- This topic has 8 replies, 9 voices, and was last updated 1 year ago by Silman Ondrej Dia.
August 8, 2019 at 8:40 am #35799Silman Ondrej DiaParticipant
What would be the common pitfalls in leading change management during PMI?October 23, 2021 at 12:50 pm #39183Meg VerParticipant
Misalignment of leadership, failure to reach agreement on strategic priorities, no understanding on the status quo and new vision, failure to identify the risks during due diligence and coming up with a change management plan.October 25, 2021 at 4:53 pm #39189Jess MunfordParticipant
I’m also thinking a lot about building trust with the teams who are executing in the integration, especially the acquired team. I’ve been looking for quick wins on the customer front to get the team excited to “sell” our technology. Positive feedback goes a long way in change-management with a new team.October 25, 2021 at 5:43 pm #39193Peggie ChanParticipant
Common pitfalls include not planning for and including time/resources for change management, not spending time to align leadership first, not being proactive in anticipating employees’ concerns and how to mitigate and not cascading communications (i.e., so employees hear it directly from a manager/leader they know and respect. ThanksOctober 29, 2021 at 9:51 am #39205Anandan RajagopalanParticipant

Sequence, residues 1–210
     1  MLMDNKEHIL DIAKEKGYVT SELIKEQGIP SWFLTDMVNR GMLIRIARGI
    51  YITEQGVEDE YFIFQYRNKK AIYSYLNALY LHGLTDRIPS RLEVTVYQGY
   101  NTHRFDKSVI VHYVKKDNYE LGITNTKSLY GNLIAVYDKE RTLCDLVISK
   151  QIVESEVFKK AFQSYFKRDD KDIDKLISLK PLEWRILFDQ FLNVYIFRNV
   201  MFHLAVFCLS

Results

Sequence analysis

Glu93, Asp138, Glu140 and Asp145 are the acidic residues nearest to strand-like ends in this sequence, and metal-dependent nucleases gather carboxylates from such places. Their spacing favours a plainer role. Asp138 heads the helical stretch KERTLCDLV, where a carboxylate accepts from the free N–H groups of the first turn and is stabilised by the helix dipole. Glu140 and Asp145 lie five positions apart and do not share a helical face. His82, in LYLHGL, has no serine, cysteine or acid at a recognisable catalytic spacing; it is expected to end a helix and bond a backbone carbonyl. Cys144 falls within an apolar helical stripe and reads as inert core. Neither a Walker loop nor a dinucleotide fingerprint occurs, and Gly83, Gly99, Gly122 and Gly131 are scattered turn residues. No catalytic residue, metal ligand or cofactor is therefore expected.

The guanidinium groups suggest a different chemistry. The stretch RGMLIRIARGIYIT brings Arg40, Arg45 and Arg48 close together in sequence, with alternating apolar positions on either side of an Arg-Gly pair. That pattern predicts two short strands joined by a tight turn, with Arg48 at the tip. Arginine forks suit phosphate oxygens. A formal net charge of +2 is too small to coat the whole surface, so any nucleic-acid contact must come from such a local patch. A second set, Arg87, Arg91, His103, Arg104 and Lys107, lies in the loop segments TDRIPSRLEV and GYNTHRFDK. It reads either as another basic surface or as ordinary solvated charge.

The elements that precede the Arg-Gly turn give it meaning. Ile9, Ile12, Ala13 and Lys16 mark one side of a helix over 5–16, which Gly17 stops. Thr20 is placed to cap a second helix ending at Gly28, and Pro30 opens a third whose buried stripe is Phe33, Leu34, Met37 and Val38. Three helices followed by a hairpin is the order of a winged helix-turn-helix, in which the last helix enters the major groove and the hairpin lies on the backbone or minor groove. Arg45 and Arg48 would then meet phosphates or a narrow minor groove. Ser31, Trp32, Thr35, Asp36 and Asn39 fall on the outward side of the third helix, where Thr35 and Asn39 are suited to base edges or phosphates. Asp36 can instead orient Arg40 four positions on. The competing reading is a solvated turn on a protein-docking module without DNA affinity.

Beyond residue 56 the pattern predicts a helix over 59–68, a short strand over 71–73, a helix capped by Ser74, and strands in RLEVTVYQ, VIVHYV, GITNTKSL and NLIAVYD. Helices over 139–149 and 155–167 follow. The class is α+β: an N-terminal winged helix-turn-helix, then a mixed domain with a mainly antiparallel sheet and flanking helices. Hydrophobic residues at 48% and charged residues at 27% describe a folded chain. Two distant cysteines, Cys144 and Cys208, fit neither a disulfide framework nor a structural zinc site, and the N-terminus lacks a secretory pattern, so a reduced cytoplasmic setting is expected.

Common pitfalls would be : The ability of the buyer and target companies to integrate in structure, leadership and culture has a huge influence on the ability of the new company to realize merger synergies and strategic benefits. Generally acquisitions trigger fear and anxiety among employees in the target firm and that these emotions like “Will I have a job?” “Will my pay and benefits change?”, “who will I report to?”, “Will I have to move?” can damage efforts to realize benefits from the deal. Delay in responding to these issues will be costly to organizational terms.
Not focusing right leadership at all levels of the organization, post merger integration is not going to be simple exercise knowing the challenges in managing the entire new systems of the company. ThanksNovember 9, 2021 at 1:57 pm #39235Suzanne BrehmParticipant
Not having a plan that is in alignment across the organization. Change management is key and many executives believe employees are agile, flexible and will go with the flow. That may be true of some, but you need to have a plan to bring everyone on board, understand the changes and how it affects both organizations…not just the acquired company.
Change Management needs to be its own Workstream in order to see success.November 11, 2021 at 7:26 am #39237Sandeep Kumar RuhelaParticipant
I did people is the most sensitive topic. If you companies come from very different culture and during PMI both cultures, policies are not aligned then it can create huge issues.
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